Monday, January 10, 2011

Greatest Start of the Year: Global Forum on Intellectual Property 2011 Singapore

The Global Forum on Intellectual Property (GFIP) 2011 in Singapore (6-7 January), a bi-annual event, was greater than ever before. It is clear Singapore is committed to becoming a IP hub. Over 95 professors and practitioners (lawyers, judges, inhouse counsels, business people), bloggers and readers who gave speeches about their reflections on the past, their thoughts about the present, and their forcasts for the future of IP. Theory, practice, strategies and tactics on the protection and enforcement of IP were all evocatively conveyed to an audience that was as learned as the speakers. Professor David Llewelyn, chairman of the GFIP and external director of the IP Academy of Singapore, mastermind behind the whole operation has outdone himself. The theme 'Turbulant Times: Onwards and Upwards for Intellectual Property?' was well chosen and during the opening ceremony even Mr K. Shanmugam, minister of home affairs and law gave his acte de présence.

IP rules the world economy

The first keynote address by Professor Peter Williamson (Judge Business School, University of Cambridge and co-author of 'Dragons at Your Door: How Chinese Cost Innovation is Disrupting lobal Competition') was talking about IP and China.

Chinese innovation: using seemingly obsolete technology to gain cost reductions

Professor Williamson asserted that China's innovation did not fall out of the sky. Rather, it was an evolving innovation after 25 years of simple innovations. Look for example to BYD, the car manufacturer who started as a battery manufacturer. The 1990s had an emphasis on cost cutting, according to Professor Williamson. Now Chinese companies look at technologies that seem obsolete and see whether they can transform it into an innovative product. "Can I use low costs to do innovation? It's the thrust of Chinese innovation." Professor Williamson gave the example of the digital direct x-ray equipment. The market for x-ray equipment was first dominated by GE and Philips. The Chinese companies applied their low cost invention to mainstream application. It's not patentable, but it changes the market. Innovations are fast in China, because the cycles they make are frequent. In the West there are less developments between innovations. These Chinese innovations are on a large scale and made for commercialisaton.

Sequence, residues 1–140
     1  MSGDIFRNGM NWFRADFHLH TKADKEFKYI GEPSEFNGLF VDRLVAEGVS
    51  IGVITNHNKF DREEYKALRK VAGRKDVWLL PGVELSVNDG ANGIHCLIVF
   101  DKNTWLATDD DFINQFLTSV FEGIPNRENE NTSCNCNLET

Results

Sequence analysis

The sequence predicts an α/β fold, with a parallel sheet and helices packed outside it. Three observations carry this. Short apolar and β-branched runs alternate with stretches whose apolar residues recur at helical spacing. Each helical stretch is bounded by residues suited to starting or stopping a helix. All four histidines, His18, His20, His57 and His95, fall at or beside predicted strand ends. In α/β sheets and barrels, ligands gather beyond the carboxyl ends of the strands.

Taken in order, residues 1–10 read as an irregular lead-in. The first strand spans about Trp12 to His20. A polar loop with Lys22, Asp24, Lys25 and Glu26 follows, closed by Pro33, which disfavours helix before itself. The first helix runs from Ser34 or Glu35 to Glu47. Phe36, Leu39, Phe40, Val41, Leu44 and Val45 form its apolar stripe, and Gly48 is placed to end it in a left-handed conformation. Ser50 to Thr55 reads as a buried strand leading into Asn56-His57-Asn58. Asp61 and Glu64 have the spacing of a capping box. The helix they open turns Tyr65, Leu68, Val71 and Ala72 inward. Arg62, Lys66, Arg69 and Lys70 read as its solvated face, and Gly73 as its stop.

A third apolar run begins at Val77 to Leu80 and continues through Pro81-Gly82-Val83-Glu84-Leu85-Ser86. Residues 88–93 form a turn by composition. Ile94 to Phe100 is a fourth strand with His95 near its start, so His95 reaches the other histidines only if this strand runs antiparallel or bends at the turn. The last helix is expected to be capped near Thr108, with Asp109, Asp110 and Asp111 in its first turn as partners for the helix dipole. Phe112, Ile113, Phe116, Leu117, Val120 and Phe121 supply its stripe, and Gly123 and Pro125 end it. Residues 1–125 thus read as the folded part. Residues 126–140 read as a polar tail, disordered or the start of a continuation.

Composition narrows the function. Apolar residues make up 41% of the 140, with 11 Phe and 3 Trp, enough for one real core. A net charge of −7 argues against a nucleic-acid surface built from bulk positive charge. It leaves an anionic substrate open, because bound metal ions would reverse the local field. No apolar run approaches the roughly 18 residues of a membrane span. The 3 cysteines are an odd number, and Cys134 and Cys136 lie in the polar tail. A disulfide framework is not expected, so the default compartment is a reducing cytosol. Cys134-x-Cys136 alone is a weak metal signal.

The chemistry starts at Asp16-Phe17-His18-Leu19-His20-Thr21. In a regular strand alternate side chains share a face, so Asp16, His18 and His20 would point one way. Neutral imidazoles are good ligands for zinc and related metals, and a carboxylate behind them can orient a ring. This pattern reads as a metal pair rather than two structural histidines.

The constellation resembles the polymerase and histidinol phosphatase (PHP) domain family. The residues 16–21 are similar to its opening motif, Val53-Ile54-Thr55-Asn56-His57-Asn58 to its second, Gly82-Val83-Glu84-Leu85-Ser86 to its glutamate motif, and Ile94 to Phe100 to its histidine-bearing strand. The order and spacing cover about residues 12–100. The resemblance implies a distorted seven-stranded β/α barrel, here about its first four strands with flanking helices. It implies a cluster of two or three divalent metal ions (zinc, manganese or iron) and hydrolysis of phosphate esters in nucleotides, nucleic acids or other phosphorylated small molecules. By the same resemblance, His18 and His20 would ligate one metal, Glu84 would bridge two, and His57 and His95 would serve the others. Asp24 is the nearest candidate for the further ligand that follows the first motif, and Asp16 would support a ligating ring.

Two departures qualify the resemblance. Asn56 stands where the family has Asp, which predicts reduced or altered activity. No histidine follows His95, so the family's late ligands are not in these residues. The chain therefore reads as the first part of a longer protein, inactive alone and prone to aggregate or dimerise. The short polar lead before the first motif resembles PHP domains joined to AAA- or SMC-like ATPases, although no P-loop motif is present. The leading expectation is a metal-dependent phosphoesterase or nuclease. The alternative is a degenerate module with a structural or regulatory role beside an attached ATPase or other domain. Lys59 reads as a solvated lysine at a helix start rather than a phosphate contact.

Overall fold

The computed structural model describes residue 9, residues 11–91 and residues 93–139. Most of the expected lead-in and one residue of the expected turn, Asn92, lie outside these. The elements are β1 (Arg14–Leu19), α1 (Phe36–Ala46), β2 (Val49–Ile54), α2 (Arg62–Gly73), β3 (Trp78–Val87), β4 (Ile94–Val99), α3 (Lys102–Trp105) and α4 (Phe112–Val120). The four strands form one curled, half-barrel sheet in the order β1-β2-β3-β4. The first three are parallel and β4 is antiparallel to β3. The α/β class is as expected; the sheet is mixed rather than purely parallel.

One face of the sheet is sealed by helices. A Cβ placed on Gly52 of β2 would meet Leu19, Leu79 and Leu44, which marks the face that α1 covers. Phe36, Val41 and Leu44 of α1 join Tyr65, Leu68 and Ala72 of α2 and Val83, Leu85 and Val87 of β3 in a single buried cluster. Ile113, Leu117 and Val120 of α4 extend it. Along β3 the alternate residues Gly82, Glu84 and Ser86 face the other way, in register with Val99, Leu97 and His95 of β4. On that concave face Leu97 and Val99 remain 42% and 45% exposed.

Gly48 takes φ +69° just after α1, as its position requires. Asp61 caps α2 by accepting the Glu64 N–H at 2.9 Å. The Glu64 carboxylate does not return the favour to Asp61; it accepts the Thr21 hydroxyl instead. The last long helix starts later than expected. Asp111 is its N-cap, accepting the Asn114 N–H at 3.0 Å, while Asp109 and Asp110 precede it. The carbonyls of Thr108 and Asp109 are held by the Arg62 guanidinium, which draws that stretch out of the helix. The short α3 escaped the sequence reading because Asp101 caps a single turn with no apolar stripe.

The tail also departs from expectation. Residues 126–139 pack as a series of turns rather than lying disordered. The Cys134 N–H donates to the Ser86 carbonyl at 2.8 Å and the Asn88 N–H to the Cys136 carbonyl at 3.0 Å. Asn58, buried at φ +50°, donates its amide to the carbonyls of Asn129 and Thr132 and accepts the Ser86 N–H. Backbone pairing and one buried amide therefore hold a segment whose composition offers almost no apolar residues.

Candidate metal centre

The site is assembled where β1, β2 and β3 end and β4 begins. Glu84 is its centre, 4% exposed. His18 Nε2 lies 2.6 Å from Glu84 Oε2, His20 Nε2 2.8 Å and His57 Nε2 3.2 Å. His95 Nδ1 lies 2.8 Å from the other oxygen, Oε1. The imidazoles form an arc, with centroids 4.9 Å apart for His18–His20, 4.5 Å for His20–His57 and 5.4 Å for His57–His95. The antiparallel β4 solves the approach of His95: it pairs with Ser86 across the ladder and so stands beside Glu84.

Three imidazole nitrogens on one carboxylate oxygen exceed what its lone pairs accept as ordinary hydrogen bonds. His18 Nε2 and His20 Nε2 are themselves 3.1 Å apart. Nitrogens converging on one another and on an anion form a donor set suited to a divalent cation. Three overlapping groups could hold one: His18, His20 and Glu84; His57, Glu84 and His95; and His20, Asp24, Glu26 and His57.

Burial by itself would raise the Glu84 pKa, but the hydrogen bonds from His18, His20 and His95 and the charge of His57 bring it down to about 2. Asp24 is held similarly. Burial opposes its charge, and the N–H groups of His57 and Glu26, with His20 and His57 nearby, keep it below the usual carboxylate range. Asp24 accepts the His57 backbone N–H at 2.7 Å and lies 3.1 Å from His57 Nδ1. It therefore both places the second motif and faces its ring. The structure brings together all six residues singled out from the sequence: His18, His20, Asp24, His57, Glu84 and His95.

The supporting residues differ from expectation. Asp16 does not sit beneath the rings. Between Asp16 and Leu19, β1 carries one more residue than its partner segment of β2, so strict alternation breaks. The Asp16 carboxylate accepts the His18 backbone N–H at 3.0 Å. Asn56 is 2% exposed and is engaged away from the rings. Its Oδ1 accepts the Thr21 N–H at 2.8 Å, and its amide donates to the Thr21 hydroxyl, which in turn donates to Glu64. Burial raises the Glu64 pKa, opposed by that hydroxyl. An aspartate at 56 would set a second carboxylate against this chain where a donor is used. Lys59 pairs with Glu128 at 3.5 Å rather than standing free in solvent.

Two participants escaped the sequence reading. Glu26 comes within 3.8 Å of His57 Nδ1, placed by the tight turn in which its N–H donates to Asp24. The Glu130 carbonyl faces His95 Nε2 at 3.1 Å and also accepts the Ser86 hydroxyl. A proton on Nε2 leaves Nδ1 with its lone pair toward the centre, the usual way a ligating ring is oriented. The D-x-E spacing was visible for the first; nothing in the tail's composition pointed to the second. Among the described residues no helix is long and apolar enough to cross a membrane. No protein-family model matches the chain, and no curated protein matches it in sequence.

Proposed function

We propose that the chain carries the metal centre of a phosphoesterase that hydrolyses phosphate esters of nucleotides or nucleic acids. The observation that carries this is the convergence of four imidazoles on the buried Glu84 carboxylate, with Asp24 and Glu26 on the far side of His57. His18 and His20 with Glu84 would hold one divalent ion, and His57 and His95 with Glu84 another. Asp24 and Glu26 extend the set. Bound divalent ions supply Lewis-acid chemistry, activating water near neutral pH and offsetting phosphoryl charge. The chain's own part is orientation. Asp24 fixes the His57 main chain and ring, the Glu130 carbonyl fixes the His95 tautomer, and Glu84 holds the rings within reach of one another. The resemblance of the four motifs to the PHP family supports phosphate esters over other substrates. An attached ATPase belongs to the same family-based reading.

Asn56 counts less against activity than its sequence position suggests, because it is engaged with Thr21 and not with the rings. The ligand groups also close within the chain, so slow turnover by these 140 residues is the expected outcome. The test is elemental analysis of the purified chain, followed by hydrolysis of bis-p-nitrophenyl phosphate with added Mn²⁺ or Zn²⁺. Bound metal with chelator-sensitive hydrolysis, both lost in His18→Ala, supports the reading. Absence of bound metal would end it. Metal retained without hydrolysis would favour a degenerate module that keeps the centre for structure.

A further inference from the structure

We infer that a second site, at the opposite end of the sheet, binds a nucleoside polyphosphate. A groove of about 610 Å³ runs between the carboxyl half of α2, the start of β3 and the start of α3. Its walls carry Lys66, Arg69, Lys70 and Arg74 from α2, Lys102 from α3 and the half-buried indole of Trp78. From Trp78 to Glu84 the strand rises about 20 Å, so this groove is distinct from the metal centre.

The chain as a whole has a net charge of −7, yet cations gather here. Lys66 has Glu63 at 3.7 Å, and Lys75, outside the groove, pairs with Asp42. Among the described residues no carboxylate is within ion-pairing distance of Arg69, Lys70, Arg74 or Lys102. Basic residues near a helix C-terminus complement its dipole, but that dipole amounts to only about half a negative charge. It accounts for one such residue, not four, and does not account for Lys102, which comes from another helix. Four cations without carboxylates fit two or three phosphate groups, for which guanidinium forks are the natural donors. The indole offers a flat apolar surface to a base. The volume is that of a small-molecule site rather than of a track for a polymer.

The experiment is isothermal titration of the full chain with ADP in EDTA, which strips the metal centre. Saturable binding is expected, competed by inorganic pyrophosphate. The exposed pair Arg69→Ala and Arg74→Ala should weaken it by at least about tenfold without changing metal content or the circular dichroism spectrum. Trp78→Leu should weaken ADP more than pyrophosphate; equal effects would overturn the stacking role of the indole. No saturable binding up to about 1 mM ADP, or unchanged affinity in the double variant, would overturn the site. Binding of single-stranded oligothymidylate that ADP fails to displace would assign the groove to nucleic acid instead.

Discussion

Williamson said that patents in China were quite isolated; not many collaborations were going on. He said that China is going to find its own kind of institutional structure, unlike Japan who copied US institutions. which was not such a great success.
During a judges' debate which included the retired Chief Justice of the IPR Tribunal of the Supreme People's Court, Dr Jiang Zhipei, who is now senior advisor to Fangda Partners, a Chinese law firm in the commercial field, the Chief Judge of the U.S. Court of Appeals for the Federal Circuit, Washington D.C., Hon. Randall R. Rader, made an appeal to all judges present: to learn as much as possible from each other and to look at the consequences of their judgments, and if they would not they will be sanctioned by the market.

Judge Rader: "If you [as a judge] will not oversee the consequences of your actions, you will be punished by the market"

Photo panelists from left to right: Justice Andrew Phang (Judge of Appeal, Supreme Court of Singapore), Judge Joachim Bornkamm (Presiding Judge, Federal Supreme Court of Germany), Hon. Randall R. Rader (Chief Judge, U.S. Court of Appeals for the Federal Circuit, Washington D.C.), Professor Llewelyn (moderator), Sir Richard Arnold, Judge of the High Court, Chancery Division, Hon. Robert van Peursem, Vice President, District Court of The Hague, the Netherlands. Dr Jiang Zhipei part of the panel is 0n the next photo.

To facilitate and not only regulate the market. Judge Rader was not only very informative but entertaining as well and he inspired at least two other speakers to give the audience a choice about the topics on which he was willing to speak. Judge Rader's dramatic descent from the stage to level with the audience was only replicated by Mr Tilman Lueder, head of the unit Copyright and Knowledge-based Economy, Directorate-General Market and Services, who gave attribution to the judge. Judge Rader's singing was only replicated by himself.

Dr Jiang Zhipei is the author of China IPR Law. He asserted that the patent system in China, that has just been amended in 2008, must be reformed and perfected. He offers 8 suggestions:

Dr Jiang: 8 improvements to China's patent law

1. China should deepen its reform and opening up policy, and constantly improve the development mechanism;

2. A stronger, more mature, transparent and consistent China is a prerequisite for the litigation process. Litigants should have confidence that China's litigation process system operates objectively and fairly;

3. Chinese courts should realize uniform and efficient IP judicial protection according to the Compendium of China's National IP Strategy;

4. The Supreme People's Court should establish and perfect relevant litigation procedures such as judicial IP authentication, procedures for expert witnesses, technical investigation and pre-trial interim measures;

5. Chinese courts will explore the possibility of establishing specialised IP tribunals accepting civil, administrative and criminal cases together, and to integrate and optimize resources;

6. Enhancing communication between countries is important;

7. To raise the level of enforcement judgments, strengthening of law enforcement cooperation between difference departments;

8. Summarizing the experience in the process is sometimes more important than just continuing.

More postings about the GFIP 2011 event will follow.

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